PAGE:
Brief Glossary 5250—14 day hold for DTS and/or DTO and/or GD 5260—14 day hold that can be written after a 5250 expires; it is for DTS only 5270—30 day hold that can be written after a 5250 expires; it is for GS only 5300—180 day hold that can be written after a 5250 or 5270; it is for DTO only Cert Hearing—shorthand for Certification Review Hearing, granted to any patient placed on 5250 or These matters are presided over by a Hearing Officer, and the patient receives the assistance of a Patients’ Rights Advocate to present their case at the hearing. Confidential—the obligation during the course of a professional relationship, not to disclose information about a patient or client without the explicit permission of the individual DTO—shorthand for Danger To Others DTS—shorthand for Danger To Self GD—shorthand for Grave Disability Good Cause—refers to the criteria for denying a specific patients right; good cause exists only when allowing the right would cause injury to that person or others, serious infringement on the rights of others, or serious damage to the facility ICR—shorthand for Independent Clinical Review. It is the right of all minor patients to seek to get out of the hospital after their parent or legal guardian has signed them in voluntarily for more inpatient treatment. The minor can ask the hospital to arrange for a such a review of their case, and if the reviewer agrees with the minor, the minor must be discharged, even if it against the wishes of the parent/guardian and/or the treating physician. Involuntary—the circumstance where an individual is placed on a legal hold and detained against their will (or perhaps against the will of their parent/guardian) for the purpose of evaluation and treatment LPS—shorthand for the Lanterman, Petris, Short Act Privacy—refers to the basic constitutional right of all citizens of the United States to decide how much personal information can be shared with others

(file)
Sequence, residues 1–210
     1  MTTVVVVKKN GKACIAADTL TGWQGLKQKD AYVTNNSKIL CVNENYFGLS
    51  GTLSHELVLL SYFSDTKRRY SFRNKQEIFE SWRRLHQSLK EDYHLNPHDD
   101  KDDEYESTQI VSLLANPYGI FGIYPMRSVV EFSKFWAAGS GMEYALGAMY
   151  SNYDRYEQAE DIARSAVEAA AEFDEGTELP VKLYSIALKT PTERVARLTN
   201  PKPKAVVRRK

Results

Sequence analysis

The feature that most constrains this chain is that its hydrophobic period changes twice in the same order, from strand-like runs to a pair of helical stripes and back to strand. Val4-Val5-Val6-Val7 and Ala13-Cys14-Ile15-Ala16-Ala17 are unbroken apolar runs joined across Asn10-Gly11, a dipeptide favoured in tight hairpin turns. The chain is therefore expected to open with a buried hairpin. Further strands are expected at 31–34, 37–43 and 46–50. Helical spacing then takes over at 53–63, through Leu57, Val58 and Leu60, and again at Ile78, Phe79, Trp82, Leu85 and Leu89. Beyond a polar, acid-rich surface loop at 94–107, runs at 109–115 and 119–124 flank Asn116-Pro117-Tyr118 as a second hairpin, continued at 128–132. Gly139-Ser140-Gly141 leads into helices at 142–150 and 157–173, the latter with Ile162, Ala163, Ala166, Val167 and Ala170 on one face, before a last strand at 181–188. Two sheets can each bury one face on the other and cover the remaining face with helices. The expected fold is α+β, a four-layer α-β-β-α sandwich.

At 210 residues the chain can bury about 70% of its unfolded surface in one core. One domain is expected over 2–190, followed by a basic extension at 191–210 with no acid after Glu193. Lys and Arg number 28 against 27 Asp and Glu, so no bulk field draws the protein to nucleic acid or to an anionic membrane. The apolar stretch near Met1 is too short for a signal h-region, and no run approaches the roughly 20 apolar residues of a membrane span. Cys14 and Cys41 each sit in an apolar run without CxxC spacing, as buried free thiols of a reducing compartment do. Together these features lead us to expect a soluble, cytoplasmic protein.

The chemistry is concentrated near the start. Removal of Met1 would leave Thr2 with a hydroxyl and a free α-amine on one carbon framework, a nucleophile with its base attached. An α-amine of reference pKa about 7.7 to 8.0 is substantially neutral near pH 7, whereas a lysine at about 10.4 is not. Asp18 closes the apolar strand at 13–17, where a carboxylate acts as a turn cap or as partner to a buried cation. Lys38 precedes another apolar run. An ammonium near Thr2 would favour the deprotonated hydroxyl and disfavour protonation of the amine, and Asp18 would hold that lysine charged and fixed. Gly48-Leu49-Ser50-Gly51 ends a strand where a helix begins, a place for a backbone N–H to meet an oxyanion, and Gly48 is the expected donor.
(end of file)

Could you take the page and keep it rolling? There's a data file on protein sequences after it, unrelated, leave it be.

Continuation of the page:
Brief Glossary cont’d Probable Cause—the standard of evidence applied to Certification Review Hearings. Specifically it is commonly understood to mean a reasonable amount of suspicion, supported by circumstances sufficiently strong to justify a prudent and cautious person’s belief that certain facts are probably true Risk Assessment—this is commonly the most significant aspect of assessing whether or not an individual meets criteria to be placed on an involuntary legal hold. Most professionals that write legal holds utilize the standard of “reasonable and cautious” in assessing risk. Voluntary—the circumstance where an individual makes an informed decision to accept treatment in an inpatient setting. The individual is being detained, for treatment, and significant freedoms are curtailed, but this is NOT being done against their will. Writ Hearing—If an individual does not prevail at their Cert hearing, they are allowed one opportunity to have their matter heard before the court. The individual is represented by an attorney (typically a Public Defender) at these hearings, and the matter is presided over by a judge from the Superior Court.
Where To Find More Information Disability Rights California: Primary Source for MH Advocacy in CA CA State Codes for Mental Health: Full Text of the LPS Act Kathi’s Mental Health Review: Site with great information on advocacy NAMI: National Alliance on Mental Illness: Education and support for individuals and families effected by mental illness Your Presenter: Scott “Christian” Selinsky (916) my office my